Soren Kierkegaard by David Swenson Part 6 of 6
Topics Soren Kierkegaard
, David Swenson
, Attack Upon Christendom
, The Instant
, Walter Lowrie, philosophy
Swenson's last section deals with Kierkegaard's Attack Upon Christendom which he published in 1854 and 1855 in a series of articles in a newspaper he founded called The Instant (Oieblikket in Danish). Walter Lowrie translated the book into English in 1944, it was translated into German and, so Lowrie states, in every other language in 1861. Kierkegaard had been writing since he was a young man. He kept a journal and wrote many of his thoughts there, however, the originals from the earliest years to 1846 were supposedly lost by translator H.P. Barnum.
Run time 16 minutes 24 secondsAudio/Visual sound, color
Kierkegaard wouldn't want you to read them and speculate upon them but just to read them and get what truth you can and put it into action. He believed individual truth and action went together. In other words, stop trying to know more things when you havenât even acted on what you think you know.
Howard V. Hong translated this book into English in 1998 under the title The Moment and Late Writings. We hear much about the Moment today. Kierkegaard first wrote about the Moment in Either-Or (1843) and then again in Philosophical Fragments (1844).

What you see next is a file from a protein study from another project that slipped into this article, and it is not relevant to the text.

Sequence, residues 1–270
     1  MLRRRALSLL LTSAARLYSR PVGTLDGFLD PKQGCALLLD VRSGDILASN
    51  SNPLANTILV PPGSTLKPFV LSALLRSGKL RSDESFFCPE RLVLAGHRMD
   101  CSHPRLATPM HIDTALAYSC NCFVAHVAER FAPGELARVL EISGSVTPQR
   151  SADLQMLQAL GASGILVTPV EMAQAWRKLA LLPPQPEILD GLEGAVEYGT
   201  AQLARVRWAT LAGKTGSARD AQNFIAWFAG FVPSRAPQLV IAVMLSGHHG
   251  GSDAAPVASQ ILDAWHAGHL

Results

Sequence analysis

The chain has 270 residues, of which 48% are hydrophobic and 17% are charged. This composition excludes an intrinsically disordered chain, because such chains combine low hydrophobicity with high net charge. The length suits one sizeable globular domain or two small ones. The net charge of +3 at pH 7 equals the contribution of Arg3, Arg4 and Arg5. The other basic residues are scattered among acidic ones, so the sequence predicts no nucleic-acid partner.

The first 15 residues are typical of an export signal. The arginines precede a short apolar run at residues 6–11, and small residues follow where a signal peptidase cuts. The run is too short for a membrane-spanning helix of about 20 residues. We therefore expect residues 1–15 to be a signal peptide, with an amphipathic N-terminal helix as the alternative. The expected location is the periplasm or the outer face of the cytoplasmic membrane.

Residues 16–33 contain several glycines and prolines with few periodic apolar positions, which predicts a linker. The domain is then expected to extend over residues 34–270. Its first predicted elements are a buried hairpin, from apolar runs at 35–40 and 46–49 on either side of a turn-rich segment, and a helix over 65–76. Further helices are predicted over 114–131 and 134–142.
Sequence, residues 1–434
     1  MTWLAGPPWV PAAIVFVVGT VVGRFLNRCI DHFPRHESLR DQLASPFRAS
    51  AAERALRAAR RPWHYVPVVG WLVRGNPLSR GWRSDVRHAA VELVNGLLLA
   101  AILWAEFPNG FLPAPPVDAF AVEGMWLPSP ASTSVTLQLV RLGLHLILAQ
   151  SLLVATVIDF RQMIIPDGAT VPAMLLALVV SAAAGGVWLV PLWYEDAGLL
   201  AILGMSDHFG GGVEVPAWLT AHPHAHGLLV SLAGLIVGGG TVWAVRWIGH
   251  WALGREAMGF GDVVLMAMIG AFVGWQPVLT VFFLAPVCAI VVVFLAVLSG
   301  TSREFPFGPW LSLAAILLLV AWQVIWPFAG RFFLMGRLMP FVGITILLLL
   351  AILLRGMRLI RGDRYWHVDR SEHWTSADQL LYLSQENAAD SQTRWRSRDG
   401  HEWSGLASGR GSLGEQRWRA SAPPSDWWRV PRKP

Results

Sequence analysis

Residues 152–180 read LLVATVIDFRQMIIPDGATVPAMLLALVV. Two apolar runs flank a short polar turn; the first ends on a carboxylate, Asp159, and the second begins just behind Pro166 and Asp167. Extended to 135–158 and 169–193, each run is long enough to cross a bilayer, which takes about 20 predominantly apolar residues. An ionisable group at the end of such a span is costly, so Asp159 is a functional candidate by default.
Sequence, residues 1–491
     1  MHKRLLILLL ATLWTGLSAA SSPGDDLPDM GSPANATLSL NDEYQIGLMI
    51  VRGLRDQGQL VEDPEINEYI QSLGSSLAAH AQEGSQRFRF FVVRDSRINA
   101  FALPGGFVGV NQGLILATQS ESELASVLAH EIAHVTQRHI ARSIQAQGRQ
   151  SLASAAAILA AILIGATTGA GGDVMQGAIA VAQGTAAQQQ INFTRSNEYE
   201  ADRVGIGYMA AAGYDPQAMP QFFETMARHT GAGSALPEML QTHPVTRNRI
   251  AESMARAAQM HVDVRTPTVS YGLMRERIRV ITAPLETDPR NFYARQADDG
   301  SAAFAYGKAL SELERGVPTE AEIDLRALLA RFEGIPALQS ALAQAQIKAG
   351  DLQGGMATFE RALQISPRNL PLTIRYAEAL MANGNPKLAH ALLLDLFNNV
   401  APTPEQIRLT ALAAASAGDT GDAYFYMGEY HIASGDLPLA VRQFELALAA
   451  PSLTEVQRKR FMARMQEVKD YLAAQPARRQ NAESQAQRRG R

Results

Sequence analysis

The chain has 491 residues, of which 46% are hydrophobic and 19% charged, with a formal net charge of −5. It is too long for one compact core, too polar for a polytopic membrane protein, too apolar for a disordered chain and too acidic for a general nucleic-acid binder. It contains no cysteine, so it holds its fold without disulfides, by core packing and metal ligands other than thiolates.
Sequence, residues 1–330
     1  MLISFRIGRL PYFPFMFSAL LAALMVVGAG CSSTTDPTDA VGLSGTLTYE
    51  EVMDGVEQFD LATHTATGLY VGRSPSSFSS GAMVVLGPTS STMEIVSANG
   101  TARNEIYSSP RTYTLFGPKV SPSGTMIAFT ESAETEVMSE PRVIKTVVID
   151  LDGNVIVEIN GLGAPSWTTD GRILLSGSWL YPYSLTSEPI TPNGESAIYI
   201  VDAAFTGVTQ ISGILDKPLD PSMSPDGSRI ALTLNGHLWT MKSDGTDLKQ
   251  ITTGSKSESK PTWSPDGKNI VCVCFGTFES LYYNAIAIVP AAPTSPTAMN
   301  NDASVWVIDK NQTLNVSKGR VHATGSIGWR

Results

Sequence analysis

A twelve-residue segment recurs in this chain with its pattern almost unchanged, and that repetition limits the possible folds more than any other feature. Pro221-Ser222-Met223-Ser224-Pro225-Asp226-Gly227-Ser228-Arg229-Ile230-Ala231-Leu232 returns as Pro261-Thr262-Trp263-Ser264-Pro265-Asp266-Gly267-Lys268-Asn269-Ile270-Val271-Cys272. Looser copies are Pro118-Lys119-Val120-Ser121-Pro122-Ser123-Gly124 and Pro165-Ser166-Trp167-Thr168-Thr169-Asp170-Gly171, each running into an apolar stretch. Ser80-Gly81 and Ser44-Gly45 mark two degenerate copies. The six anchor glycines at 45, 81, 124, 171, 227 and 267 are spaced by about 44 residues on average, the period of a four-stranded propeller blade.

Kierkegaard was writing against the use of speculative knowledge in the world of the spirit. He envisioned the world of the flesh and the world of the spirit. Many march around the world of the spirit blowing their horns as though they were surrounding Jericho but never enter in. Others rush in and out as fast as they can change their coats. Kierkegaard felt people should enter into the world of the spirit so they can get first-hand knowledge of what it means to have a relationship with God. A resolution by one single individual is all it takes for the daring venture of becoming religious and, for Kierkegaard, becoming a Christian. He didn't want to hate and defy in ill-temper he wanted to be a faithful son and love unchanged by external circumstances. Kierkegaard didn't hate Christians.